A Brooklyn dad claims the borough’s former district attorney Charles Hynes targeted him while cutting a sweetheart deal with a prominent rabbi accused of sexually abusing boys.
Samuel Kellner says in a federal civil rights lawsuit that Hynes falsely charged him with extortion after he led an effort to lock up Baruch Lebovits.
“The ‘investigation’ by Hynes into [Kellner] deviated so egregiously from acceptable law enforcement activity as to demonstrate an intentional or reckless disregard for proper procedures,” reads the lawsuit targeting Hynes and the city.
The sordid saga began in 2008 when Lebovits allegedly molested Kellner’s son.
A prosecutor told Kellner that the district attorney’s office wasn’t going to open an investigation because the alleged offense was a misdemeanor and there were no other known victims, the suit says.
But Kellner, working with a detective, found other boys who were preyed upon by Lebovits.
Hynes’ office launched a probe but Kellner claims the former DA did nothing when Lebovits’ supporters succeeded in convincing one of his victims to drop the case.
“Hynes’ deliberate indifference towards [the boy’s] plight and failure to protect him was part of a policy, custom and practice of deliberate indifference towards witness tampering and intimidation of victims of pedophiles and their families within the ultra-Orthodox community,” says the suit filed in Brooklyn Federal Court.
Lebovits was ultimately convicted in March 2010 of multiple counts of sexual assault and sentenced to serve up to 32 years.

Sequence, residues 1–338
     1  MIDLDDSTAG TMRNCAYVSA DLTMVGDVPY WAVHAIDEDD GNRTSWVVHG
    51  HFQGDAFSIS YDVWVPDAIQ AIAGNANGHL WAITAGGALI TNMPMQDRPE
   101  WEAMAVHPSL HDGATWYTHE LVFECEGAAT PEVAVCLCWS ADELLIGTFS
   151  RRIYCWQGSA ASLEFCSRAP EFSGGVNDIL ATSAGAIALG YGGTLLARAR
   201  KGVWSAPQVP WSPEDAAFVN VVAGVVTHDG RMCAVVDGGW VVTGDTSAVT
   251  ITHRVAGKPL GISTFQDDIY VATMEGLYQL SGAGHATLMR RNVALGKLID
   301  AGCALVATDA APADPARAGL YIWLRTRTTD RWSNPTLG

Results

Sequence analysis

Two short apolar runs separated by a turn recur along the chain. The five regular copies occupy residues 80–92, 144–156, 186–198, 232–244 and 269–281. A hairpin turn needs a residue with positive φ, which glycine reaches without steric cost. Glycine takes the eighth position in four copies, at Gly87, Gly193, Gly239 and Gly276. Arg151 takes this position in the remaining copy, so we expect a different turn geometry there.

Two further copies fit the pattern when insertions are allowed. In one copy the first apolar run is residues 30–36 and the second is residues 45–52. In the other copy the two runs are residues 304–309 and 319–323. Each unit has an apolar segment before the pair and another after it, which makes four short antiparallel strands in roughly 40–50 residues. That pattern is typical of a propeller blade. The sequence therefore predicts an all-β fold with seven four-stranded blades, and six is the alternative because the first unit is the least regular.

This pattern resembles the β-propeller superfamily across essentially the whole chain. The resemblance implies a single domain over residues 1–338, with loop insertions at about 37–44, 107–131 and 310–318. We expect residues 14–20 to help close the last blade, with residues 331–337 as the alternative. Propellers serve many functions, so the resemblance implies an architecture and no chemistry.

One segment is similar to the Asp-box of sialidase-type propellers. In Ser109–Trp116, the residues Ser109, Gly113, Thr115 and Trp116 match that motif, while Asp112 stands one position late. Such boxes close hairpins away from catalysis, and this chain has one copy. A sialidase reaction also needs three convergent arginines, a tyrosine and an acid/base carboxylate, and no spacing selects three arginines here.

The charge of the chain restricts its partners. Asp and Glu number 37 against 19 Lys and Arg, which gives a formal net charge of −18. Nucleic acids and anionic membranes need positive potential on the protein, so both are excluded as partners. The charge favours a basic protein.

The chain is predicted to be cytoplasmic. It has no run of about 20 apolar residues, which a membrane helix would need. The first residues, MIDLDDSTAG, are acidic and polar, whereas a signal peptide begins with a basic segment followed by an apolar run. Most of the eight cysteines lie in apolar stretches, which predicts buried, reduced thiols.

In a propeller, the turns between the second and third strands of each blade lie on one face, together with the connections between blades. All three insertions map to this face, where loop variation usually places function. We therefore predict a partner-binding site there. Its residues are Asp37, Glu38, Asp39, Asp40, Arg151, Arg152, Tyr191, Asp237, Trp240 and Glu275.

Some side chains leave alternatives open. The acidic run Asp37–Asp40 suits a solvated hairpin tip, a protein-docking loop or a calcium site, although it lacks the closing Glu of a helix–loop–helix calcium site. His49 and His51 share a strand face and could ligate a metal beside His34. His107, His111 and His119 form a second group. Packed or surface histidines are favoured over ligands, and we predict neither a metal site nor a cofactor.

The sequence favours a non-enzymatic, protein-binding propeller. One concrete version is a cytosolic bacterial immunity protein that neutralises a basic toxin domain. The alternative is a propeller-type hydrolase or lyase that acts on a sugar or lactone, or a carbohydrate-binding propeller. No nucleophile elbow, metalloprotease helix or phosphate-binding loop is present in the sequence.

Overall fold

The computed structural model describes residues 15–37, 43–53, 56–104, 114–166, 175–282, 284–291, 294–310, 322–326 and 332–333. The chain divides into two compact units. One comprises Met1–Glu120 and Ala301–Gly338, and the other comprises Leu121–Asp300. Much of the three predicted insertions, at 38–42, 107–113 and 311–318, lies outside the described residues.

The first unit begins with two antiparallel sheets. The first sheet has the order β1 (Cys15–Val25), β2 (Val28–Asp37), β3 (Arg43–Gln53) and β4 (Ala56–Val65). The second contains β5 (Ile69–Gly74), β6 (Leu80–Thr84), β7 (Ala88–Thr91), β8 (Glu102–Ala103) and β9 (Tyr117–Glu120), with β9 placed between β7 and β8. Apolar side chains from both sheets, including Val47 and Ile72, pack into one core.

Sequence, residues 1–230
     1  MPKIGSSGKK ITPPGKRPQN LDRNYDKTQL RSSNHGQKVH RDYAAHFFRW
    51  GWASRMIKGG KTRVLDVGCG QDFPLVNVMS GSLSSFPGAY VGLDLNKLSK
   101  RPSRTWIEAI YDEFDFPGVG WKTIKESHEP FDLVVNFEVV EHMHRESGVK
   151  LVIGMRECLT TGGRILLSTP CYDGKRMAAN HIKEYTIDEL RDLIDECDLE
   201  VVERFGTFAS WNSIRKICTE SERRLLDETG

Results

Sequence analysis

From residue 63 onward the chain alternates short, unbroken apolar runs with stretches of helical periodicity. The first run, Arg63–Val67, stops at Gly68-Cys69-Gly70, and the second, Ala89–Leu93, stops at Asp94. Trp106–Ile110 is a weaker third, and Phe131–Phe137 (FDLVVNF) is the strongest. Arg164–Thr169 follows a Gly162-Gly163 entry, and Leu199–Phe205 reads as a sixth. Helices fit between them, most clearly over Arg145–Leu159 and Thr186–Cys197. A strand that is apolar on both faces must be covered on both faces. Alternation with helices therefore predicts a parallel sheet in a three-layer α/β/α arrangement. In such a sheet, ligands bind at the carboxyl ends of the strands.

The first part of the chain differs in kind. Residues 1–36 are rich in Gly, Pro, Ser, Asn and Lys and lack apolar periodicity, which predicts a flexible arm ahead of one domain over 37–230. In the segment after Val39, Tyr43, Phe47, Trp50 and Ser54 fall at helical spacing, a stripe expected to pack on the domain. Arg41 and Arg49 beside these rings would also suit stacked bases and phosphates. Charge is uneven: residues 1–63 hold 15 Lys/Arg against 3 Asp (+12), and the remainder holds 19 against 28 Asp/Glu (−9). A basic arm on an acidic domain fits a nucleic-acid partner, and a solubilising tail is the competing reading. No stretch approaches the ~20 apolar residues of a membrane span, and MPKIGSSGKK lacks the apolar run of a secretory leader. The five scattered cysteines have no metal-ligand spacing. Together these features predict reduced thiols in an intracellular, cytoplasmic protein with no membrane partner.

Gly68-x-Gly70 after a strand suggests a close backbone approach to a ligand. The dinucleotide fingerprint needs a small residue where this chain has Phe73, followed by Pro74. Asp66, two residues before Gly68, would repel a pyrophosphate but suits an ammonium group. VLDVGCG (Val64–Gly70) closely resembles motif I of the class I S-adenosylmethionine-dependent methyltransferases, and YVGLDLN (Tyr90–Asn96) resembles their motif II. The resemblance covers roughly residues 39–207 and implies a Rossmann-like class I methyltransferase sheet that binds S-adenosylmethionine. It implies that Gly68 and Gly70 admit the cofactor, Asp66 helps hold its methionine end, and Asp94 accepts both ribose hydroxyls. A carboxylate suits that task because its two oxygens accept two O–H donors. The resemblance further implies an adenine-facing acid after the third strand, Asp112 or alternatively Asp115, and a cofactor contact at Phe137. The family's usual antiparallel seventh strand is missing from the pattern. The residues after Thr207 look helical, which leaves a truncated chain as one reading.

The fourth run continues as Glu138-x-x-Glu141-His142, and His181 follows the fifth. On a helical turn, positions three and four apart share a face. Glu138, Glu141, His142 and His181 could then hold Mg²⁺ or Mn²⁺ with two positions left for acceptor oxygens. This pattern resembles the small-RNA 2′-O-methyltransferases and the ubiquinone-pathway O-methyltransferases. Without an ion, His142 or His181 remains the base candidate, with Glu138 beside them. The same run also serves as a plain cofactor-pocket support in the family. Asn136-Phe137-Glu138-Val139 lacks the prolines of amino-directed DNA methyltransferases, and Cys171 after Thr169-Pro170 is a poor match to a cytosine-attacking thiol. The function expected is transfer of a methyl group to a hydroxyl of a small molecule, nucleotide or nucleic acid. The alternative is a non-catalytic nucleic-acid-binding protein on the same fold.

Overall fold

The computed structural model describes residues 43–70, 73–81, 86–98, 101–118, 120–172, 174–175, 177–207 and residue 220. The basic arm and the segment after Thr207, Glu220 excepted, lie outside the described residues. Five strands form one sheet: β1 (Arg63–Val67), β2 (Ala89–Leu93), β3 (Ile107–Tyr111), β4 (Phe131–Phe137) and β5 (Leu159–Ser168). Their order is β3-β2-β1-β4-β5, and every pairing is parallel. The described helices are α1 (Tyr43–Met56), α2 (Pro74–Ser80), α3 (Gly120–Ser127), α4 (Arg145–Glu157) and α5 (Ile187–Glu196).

Kellner’s joy was short-lived.
He claims in the suit that Hynes quietly dismissed his son’s case against Lebovits in October 2010.
“The suffering and courage of a victim in coming forward to report his abuse meant nothing to Hynes,” Kellner’s attorney Niall Macgiollabhui wrote in the suit.
Things got worse for Kellner in April 2011 when he was charged with trying to blackmail Lebovits’ wealthy family and paying a man to falsely accuse the rabbi.
Hynes held a news conference trumpeting Kellner’s arrest.
Lebovits was sprung from jail the next day. His conviction was overturned in 2012.
“What is truly shocking is that instead of locking up pedophiles and protecting children, Hynes was instrumental in securing the release of a notorious predator from prison and dismissing the cases of two victims he and his office knew to have been abused,” Macgiollabhui told the Daily News.
“At some point Hynes will have to explain why he conspired in the shadows with the family of a convicted child rapist to undermine the conviction his own office had just secured.”
The criminal charges against Kellner were dropped in March 2014 after a prosecutor re-examining the case found inconsistencies in the accounts of two key witnesses.
Lebovits pleaded guilty to reduced charges in May 2014 and was sentenced to serve another year.
He was released after just 86 days.
Hynes’ lawyer did not return a request for comment.
A spokesman for the city’s Law Department said it will review the complaint.
Kellner filed a defamation suit against the Jewish Daily Forward newspaper in November 2014. That case was settled in January under a confidentiality agreement.